|The evening's line up|
The busier I get on the weekend the more I
seem to appropriate the random midweek tastings I manage to be a part of,
either as a host or as a guest. They are not completely stress free or
without their challenges. Generally I prefer to help my wife out with our
daughter before I leave which can make for a late start. I also generally
have work the next day so staying alter and well hydrated during the tasting is
an absolute priority. The last and most important challenge to a
mid-week tasting specifically if it's remote is monitoring my alcohol intake so
that I can safety drive home. With my daughter asleep my regular pick up
system is disabled which would leave me with walking or taking a cab if I was
unable to drive.
|Woodcut No 3|
One week's midweek tasting started via a
text from my buddy Scott. He had just received a growler of Masala Mama from
KeefD, a guy I’d traded with before, as part of a Darkness/Black Tuesday
trade. Having enjoyed this beer before I
knew I needed to get over there and by there I mean the insanely awesome
showroom. Also at the tasting were Ryan,
Steve and Kerry another guy from their office.
I looked at this as a great opportunity to open one of my bottles of
CBS. Being fellow BAs I knew they would appreciate
the awesomeness that is Canadian Breakfast Stout, but more on that later.
|Woodcut No 4|
After a quick dinner we headed to the
showroom for some awesome beers. Kerry
had just picked up a Woodcut No 5 from Odell’s so Ryan decided to bring out his
Woodcut No 3 and 4 to have a mini vertical.
Scott brought the Masala Mama, Steve shared an awesome Firestone 13 and
I bought the CBS as well as a Hop Harvest II from Postsmouth.
Deciding to start with the Woodcuts first we
cracked open the Woodcut No 3 an 11% Oak Aged American Strong Ale. This was probably my favorite of the
three. The oak really came through and
was not overpowering. You can tell on
all the Woodcut series that they are using regular virgin barrels with a medium
toast to age it and not spirit barrels.
With all the big bourbon/whiskey/rum aged beers out there it’s nice to
see a regular oaked version. It’s really held up nicely over the last couple of
|Portsmouth Brewery Hop Harvest II |
Next came the Woodcut No 4 which is described
as an Oak Aged Double Märzen – Style Lager at 11%. I have to say I am not a fan of the tread of “doubling”
certain styles of beers, like märzens, and then aging them in barrels. I personally didn’t think that the treatment
worked. The malt and the oak came
through as somewhat combative in both the aroma and the taste.
We ended the Woodcut run with the most recent
offering in the series Woodcut No 5. The
base beer for No 5 is an 11.3% Belgian style Quad (Quadrupel). This beer/bottle
might have been infected. It was near
still on the carbonation front and gave off an off aroma similar to buttered
popcorn (DMS). There is nothing more frustrating that paying big money for a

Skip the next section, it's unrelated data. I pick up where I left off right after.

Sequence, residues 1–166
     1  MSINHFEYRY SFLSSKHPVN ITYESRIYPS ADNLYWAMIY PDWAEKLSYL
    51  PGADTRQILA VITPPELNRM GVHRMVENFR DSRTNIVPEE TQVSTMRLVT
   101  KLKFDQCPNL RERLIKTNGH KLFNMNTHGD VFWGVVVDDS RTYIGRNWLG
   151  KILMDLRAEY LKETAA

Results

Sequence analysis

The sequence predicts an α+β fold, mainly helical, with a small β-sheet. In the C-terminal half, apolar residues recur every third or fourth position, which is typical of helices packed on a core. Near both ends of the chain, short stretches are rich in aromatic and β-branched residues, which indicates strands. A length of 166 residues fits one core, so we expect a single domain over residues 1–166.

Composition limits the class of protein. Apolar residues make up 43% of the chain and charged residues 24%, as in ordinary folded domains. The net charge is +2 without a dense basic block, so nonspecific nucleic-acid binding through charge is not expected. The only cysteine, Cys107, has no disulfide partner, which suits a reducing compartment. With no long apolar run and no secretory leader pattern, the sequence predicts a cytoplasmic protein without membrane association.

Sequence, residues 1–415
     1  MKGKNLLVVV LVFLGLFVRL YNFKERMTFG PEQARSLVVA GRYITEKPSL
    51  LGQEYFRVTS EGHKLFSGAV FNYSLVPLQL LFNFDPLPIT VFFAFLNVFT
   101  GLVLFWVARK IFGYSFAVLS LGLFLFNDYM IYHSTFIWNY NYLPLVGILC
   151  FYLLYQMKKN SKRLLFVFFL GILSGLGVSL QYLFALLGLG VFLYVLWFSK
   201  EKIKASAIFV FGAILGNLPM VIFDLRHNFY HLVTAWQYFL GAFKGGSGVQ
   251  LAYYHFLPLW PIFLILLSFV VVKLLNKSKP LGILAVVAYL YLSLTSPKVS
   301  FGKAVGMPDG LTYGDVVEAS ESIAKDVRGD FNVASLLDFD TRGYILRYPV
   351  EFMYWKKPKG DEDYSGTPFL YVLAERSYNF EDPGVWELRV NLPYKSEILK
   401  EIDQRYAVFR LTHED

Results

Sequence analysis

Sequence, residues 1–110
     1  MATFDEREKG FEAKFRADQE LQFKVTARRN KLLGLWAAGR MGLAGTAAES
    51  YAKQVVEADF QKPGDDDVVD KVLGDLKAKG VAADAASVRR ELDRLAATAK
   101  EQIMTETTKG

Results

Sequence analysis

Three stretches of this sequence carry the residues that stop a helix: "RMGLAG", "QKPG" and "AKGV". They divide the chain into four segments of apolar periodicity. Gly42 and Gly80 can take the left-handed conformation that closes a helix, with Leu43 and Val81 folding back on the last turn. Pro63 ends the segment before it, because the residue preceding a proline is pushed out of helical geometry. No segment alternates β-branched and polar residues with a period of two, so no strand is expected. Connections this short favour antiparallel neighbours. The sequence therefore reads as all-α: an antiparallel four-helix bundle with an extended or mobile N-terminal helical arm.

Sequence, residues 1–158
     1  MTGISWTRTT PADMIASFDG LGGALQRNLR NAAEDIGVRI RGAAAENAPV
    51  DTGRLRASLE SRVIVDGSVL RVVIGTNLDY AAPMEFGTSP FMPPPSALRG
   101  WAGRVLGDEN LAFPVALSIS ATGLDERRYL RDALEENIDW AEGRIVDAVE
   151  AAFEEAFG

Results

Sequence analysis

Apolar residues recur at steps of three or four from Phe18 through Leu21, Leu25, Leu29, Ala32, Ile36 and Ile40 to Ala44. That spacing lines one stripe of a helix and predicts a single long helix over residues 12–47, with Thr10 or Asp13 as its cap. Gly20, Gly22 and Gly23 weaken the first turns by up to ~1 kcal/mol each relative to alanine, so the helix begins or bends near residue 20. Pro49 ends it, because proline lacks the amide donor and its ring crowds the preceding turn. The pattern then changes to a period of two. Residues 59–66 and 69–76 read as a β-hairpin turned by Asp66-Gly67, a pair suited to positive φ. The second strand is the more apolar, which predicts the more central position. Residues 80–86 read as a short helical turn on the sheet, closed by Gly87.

beer (above $20) and having it be off.
We recommended that Kerry keep additional bottles at room temperature to
see if that could help increase the level of carbonation.
Next it was on to IPAs. I’d brought the Hop Harvest II to break up
what I was sure going to mostly be big stouts and malt bombs. I’d recently split an Octoberfest from
Portsmouth that was such a DMS bomb we ended up drain pouring it so going in my
expectations were high. It ended up
being a pretty good beer. It wasn’t overly/harshly bitter and it ended up
refreshing my palate.
After that we cracked the lid on the growler
of Masala Mama. While a very solid beer
it wasn’t and pleasing as the last time I had it. I’d ended up reviewing it last time and noted
“Yup this is a solid IPA, not overly bitter and well balanced. Bonnie says that
is "ooh smooth" and for the most part I agree. It reminds me a lot of
Furious in taste and appearance which is not a bad thing.” I don’t know if I
would quite agree with that for this round but it was still a very solid IPA
that I was glad to get another glass of.
Up next was Firestone Walkers 13th
Anniversary Ale. Having never had the opportunity to try it myself I was pretty
jazzed that Steve had decided to open his Firestone 13. Not only is it hard to come by these days but
it happened to be one of his favorite beers. The beer pour a nice ink black
color with a nice level of carbonation and head for a 2 year old beer. Too many breweries are jumping on the barrel
aging bandwagon and have no idea how to truly put together a wonderous barrel
aged beer. Blending is truly an art that Firestone has mastered. Nice, rich and complex just a beautiful
barrel aged beer. I’ve already picked
out the prefect beer to share with him the next time we get together.
For the final beer of the night I opened up a
bottle of Founders Canadian Breakfast Stout or CBS. I’d wanted to try this beer since falling in
love with Founders Breakfast Stout on a business trip. The main obstacle at the time had been it was
draft only and only once a year, that all changed this year when they decided
to release it for the first time in bottles as part of their Backstage Series. Thanks to my regular trading partner Meagan
and a couple of other quick trades I was able to secure a couple bottles. It too pours a nice black color with a tan
head. The aroma is a wonderful mixture
of maple, coffee and whiskey. The taste
is also an incredible mix of maple, vanilla, bourbon, oak and roast. It is perfectly balanced. I was a little concerned that Steve and Scott
might not dig it due to the coffee component but they also loved it. It was a great finish to another great night
of midweek tasting.